Details of the Clearing House’s role in directing responses to FOI requests about Grenfell come as openDemocracy revealed that the British government has spent at least £500,000 on legal costs fighting the disclosure of information under FOI. A poll commissioned by openDemocracy found that seven in ten British voters are concerned about the government’s attitude to transparency.
Responding to openDemocracy’s latest findings, Labour MP Andy Slaughter said: “We are constantly told by ministers that getting to the truth of what happened at Grenfell Tower and ensuring such a tragedy never happens again is their first priority.
“But the trail openDemocracy has followed shows that not only are the housing department reluctant to answer basic questions about fire safety, but they are deferring to the now-infamous Clearing House for permission to respond to Freedom of Information requests.”
He added: “It is no wonder so little progress has been made to expose and rectify the mistakes that led to the Grenfell fire, when the government cares more about its image and news management.”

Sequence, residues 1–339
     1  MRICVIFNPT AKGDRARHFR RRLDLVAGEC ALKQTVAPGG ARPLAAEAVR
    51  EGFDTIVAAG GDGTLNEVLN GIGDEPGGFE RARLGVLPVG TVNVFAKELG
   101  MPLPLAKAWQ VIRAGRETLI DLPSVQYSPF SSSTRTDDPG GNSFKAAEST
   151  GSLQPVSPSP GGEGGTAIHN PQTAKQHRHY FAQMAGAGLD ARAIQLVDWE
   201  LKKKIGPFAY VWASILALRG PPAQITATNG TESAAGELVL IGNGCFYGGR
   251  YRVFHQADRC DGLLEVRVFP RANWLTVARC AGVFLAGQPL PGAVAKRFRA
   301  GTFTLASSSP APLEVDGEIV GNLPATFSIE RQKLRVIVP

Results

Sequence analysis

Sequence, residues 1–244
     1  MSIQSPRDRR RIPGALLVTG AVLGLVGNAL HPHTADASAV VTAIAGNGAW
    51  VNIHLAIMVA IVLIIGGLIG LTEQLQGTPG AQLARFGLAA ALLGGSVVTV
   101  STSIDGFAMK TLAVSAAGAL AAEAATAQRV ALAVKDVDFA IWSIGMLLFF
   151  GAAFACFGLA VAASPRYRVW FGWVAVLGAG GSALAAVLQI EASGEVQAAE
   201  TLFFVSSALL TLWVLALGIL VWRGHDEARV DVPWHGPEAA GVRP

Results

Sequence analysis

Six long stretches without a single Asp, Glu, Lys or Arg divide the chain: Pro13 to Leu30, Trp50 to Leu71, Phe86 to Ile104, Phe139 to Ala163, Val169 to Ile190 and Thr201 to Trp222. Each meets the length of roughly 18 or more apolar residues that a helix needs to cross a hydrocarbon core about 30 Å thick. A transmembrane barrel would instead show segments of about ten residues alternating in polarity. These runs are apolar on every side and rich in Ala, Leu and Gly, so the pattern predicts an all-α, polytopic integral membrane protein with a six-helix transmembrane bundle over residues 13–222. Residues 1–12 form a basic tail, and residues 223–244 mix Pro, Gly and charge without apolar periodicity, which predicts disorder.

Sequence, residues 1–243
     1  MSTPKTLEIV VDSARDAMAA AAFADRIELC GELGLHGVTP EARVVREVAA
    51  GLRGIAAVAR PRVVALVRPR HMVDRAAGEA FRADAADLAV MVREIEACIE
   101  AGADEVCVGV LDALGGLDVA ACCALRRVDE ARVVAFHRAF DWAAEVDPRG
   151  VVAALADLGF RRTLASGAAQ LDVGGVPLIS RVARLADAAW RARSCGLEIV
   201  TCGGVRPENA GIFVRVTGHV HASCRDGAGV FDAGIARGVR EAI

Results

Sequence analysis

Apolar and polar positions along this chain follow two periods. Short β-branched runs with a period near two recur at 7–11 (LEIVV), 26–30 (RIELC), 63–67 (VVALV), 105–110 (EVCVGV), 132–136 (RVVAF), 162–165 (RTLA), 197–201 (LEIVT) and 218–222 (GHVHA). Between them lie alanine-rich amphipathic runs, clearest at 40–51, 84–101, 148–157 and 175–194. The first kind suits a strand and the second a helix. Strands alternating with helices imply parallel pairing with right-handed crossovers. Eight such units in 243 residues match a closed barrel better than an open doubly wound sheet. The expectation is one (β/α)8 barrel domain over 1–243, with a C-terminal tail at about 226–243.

Katherine Gundersen, deputy director of the Campaign for Freedom of Information, told openDemocracy that the government “appears to be withholding the Clearing House’s advice not to avoid prejudicing the Grenfell inquiry but to protect the Cabinet Office’s ability to develop government policy on answering requests about Grenfell. This seems absurd.”
Between June and August 2017, FOI requesters asked for information on issues such as fire safety, cladding, sprinkler systems and building regulations, as well as requesting copies of emails relating to Grenfell from government ministers and officials.
Emails indicate that the Cabinet Office was sent a spreadsheet of Grenfell-related requests on 22 June 2017, eight days after the tragedy. The housing department said it was “interested in your views on approach”.
The Cabinet Office appears not to have responded for weeks, saying: “With sincere apologies for the delay, please find attached some suggested advice regarding your FOI requests”.
‘Profound lack of transparency’